The interleaving method: how to efficiently pick up new skills quickly

In a constantly changing world, one of the best ways to thrive and become indispensable is to pick up relevant skills as you grow.

As we choose to upgrade ourselves, learning how to learn becomes even more important. Learning efficiently can help us get more out of our time and still get stuff done to achieve work and career goals.

Acquiring new skills can take time but how we practice has a profound effect on knowledge comprehension, recall, and retention.

While everyone learns differently, a few proven methods including blocking, spaced repetition, the Feynman technique — learning by teaching, experiential learning, and repeated exposure can help us learn faster.

However, another method that promises improved results.

Enter “interleaving,” a surprisingly effective technique to accelerate learning

Whereas blocking involves practicing one skill at a time, the interleaving method involves learning or practicing two or more related concepts or skills at a time, instead of focusing exclusively on one concept or skill at a time.

“Essentially interleaving is switching between topics in one session, going over ideas in a different order in each session and making links and contrasts between the ideas,” says Rebecca Nobes, Chartered Teacher and Council Member of the Chartered College of Teaching.

It works great in combination with spaced repetition, one of the most important techniques for long-term retention of knowledge.

For many people learning or practicing multiple skills would normally form this pattern — AABBCC. An interleaved practice on the other hand would form this pattern — ABCABC.

For example, if you are learning a new language, instead of dedicating an hour or a long session on improving your vocabulary, you could mix it up by spending 30 minutes on vocabulary and the next 30 minutes practicing your pronunciation and then circling back to vocabulary.

Marianne Stenger, a writer at InformED, an Open Colleges blog explains:

“By reviewing both old and new materials in the same study session and returning to them repeatedly, you’ll be able to space out your learning more effectively and will be far more likely to recall that information weeks, months, or even years later.”

It’s a simple way to work with your brain instead of against it to remember better and retain more of what you learn. Studies show that interleaving strengthens memory associations.

According to a growing body of research, “interleaving often outperforms blocking for a variety of subjects, including sports and category learning,” writes Steven C. Pan, Ph.D., a learning scientist in the fields of cognition and education.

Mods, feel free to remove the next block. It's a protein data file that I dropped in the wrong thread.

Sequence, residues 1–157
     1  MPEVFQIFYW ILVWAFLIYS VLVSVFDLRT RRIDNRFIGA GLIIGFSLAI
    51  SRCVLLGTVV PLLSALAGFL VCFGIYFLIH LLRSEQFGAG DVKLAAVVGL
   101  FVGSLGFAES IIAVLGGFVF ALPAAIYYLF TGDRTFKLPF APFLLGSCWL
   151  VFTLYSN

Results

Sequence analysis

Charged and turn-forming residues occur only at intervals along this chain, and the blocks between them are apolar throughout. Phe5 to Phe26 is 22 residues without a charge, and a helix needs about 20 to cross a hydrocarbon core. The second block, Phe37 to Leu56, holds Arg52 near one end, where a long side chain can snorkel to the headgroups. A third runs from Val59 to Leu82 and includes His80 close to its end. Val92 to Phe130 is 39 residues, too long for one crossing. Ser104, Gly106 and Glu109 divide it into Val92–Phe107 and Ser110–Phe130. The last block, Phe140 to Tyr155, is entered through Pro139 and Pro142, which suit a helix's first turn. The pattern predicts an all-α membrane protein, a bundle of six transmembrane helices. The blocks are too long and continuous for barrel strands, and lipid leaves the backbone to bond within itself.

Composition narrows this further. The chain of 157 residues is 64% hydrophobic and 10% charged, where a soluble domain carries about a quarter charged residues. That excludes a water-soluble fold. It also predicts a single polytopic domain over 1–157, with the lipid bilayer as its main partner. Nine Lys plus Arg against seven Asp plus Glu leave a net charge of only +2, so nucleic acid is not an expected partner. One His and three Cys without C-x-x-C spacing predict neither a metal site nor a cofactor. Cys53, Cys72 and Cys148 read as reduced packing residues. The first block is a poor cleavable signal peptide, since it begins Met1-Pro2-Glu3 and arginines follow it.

“New research in schools finds that interleaving produces dramatic and long-lasting benefits for an essential skill: math. Not only does this finding have the potential to transform how math is taught, but it may also change how people learn more generally.”

Interleaving works because it leverages the brain’s natural ability to recognize similar patterns and still spot the differences within them.

It also ensures that the practice of any particular skill is distributed, or spaced — which typically improves retention because the brain has enough time to store and retrieve information at specific intervals.

In an experiment on the effects of interleaved practice, researchers Kenneth Martin Taylor, Doug Rohrer found out that students using the “blocked” method received an average score of 42% on a test given 30 days after the end of the learning sessions, whilst those using the “interleaved” technique recorded an average score of 74%.

Interleaving makes sense because the brain cannot effectively store and recall lots of information in a short period of time.

Instead of consecutively learning the same things every day, you give yourself time to revisit what you are learning by focusing on something else, ie any two opportunities to practice the same task are not consecutive.

Interleaving not only helps you learn multiple skills fast, but it can also help you connect different ideas from various disciplines whilst you build strong pathways in your brain. Interleaving works better for related topics.
For efficient learning, avoid interleaving topics that are too different. Interleaving programming with philosophy lessons could end up being more confusing than helpful — the practice might end up hindering your learning, instead of facilitating it.

Interleaving can take time before you see results. It may slow your learning process and performance in the short-term, though it will generally lead to better outcomes in the long-term.

Your initial results may not be encouraging because it’s a new technique and your brain may take time to get used to it. But once it does, the results will change how you learn for good. You can also use it in conjunction with other effective learning techniques that work better for you.

This article originally appeared on Medium.